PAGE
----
Their Memory Lives On

Domestic Funerary Commemoration at Wah-sut

By: Kevin M. Cahail

Originally Published in 2014

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To the ancient Egyptian mind, the worlds of the living and the dead were inextricably intertwined. The speech of one man to his wife recorded on a stela encapsulates both this belief, and the mechanism through which it was enacted:

How are you? Is the West taking care of you [according to] your desire? Now since I am your beloved upon earth, fight on my behalf and intercede on behalf of my name. I did not garble [a spell] in your presence when I perpetuated your name upon earth. Remove the infirmity of my body! Please become a spirit for me [before] my eyes so that I may see you in a dream fighting on my behalf. I will then deposit offerings for you [as soon as] the sun has risen and out#t your offering slab for you. (Translation by E.Wente)

A fragment of a middle Kingdom offering table was recovered at South Abydos.
A fragment of a middle Kingdom offering table was recovered at South Abydos.

Merirtyfy’s poignant address to his deceased wife Nebetiotef demonstrates the perceived link between the living and the dead, and the responsibilities of entities on either side of mortality. Spiritual elements employed false doors, statues, and stelae to temporarily inhabit the earthly realm in order to receive food and offerings from the living before returning to the underworld.

Recent discoveries within the Middle Kingdom town of Wah-sut point to commemorative activity within the town. Excavations in domestic contexts have uncovered a significant corpus of inscribed funerary stelae, offering tables, and statues. Since no tombs have yet been discovered near Wah-sut , the Late Middle Kingdom citizens of this town seem to have commemorated their departed loved ones within the homes of the living, rather than the tombs of the dead.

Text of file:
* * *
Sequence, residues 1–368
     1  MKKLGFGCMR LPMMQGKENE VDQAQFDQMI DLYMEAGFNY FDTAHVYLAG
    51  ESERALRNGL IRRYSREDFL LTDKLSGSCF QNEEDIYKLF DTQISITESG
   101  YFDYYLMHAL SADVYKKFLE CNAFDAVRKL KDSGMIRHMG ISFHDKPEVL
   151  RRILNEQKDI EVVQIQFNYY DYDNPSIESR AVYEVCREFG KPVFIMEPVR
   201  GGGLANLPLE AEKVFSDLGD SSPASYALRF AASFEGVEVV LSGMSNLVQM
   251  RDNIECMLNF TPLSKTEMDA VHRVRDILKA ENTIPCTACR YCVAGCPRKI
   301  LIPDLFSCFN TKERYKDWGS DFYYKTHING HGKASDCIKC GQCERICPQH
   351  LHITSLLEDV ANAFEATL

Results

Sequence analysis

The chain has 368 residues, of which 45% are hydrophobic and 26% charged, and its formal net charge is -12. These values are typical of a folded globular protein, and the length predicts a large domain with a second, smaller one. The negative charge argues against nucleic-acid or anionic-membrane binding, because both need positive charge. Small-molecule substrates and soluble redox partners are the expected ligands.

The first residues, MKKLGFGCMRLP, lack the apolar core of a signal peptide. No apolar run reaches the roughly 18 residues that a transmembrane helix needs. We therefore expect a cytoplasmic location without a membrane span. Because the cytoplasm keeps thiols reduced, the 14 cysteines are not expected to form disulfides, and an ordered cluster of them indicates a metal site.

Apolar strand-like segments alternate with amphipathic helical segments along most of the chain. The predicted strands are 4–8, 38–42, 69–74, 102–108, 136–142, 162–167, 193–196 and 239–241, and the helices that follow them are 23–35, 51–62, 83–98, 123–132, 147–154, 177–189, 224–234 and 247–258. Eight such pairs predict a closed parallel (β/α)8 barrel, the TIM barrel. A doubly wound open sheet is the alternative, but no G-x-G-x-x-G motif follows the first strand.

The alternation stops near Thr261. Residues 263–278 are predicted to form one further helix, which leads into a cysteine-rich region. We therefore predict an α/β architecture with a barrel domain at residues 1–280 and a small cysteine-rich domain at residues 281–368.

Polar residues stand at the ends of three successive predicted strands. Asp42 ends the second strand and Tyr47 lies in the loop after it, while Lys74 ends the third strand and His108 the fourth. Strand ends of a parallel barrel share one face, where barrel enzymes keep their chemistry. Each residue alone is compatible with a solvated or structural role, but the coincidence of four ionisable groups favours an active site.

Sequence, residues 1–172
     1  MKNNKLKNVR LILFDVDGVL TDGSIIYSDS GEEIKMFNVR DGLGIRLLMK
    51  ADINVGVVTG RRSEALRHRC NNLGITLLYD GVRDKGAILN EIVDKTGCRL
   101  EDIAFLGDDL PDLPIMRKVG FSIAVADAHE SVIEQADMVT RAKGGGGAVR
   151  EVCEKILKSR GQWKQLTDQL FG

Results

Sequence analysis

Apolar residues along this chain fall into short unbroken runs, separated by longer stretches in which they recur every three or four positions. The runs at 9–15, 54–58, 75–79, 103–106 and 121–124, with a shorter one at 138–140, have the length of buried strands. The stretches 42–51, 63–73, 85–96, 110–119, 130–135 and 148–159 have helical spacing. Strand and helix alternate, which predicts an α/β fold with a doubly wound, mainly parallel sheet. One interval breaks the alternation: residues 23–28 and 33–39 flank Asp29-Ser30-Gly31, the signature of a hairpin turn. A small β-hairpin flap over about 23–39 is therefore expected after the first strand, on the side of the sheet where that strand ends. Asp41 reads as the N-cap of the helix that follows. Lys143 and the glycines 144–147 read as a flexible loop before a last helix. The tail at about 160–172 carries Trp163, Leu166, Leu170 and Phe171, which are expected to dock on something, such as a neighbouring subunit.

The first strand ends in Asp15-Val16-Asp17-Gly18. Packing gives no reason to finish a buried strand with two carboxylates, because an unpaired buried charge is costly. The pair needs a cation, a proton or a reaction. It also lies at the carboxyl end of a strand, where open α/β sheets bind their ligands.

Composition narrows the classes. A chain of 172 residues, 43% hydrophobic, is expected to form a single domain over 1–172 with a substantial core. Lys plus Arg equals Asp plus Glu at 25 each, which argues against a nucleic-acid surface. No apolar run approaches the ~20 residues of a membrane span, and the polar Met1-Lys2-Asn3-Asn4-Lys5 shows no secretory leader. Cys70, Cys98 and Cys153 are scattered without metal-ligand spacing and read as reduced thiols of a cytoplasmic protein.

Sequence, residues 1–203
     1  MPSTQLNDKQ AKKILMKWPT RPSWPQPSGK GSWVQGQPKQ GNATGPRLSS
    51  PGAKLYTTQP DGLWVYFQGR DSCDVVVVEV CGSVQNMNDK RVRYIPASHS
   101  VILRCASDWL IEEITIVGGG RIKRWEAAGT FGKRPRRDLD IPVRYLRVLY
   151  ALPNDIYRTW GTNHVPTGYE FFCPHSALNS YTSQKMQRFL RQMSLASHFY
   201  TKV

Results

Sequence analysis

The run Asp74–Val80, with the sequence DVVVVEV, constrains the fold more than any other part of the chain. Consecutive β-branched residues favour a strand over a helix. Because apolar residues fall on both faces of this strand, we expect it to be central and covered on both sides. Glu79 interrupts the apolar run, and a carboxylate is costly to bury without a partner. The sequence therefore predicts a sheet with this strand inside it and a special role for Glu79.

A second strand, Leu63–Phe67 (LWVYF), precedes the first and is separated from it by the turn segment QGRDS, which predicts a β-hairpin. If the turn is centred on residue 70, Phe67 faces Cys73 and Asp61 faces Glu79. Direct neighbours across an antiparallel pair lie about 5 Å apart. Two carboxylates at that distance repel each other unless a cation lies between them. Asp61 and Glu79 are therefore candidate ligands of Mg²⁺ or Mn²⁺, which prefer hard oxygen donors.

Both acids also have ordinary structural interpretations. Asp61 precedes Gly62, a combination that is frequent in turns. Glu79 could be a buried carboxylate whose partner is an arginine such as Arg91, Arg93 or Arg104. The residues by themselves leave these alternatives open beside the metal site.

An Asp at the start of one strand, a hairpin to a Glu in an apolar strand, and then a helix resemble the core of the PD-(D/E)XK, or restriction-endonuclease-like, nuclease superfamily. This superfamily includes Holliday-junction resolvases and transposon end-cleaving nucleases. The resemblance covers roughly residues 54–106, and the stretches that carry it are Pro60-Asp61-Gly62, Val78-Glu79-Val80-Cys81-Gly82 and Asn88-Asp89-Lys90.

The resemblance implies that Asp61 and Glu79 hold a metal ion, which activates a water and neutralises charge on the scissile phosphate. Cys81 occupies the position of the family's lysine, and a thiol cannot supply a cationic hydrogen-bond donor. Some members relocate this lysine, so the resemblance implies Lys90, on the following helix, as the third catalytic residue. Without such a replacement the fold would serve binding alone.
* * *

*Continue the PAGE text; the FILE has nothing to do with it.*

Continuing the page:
Three stela fragments (12631, 101-14-2, and 12639, 101-20-1) originated in the mayor’s house (Building A). though badly broken in antiquity, the reconstructed offering formula on the left side reads:

A royal offering [of Ptah-So]kar-Osirs, Lord of the Ankh-[tawy, that he might give every good and pure thing] to the ka of the Hall-keeper of the Chamber of Linen, Khuinutef.

Renefiker and Iru from Wah-sut are depicted on this Middle Kingdom pair statue. Height as preserved 15 cm.
Renefiker and Iru from Wah-sut are depicted on this Middle Kingdom pair statue. Height as preserved 15 cm.
A twin offering table from Wah-sut is illustrated in this drawing. Width as preserved approximately 23 cm.
A twin offering table from Wah-sut is illustrated in this drawing. Width as preserved approximately 23 cm.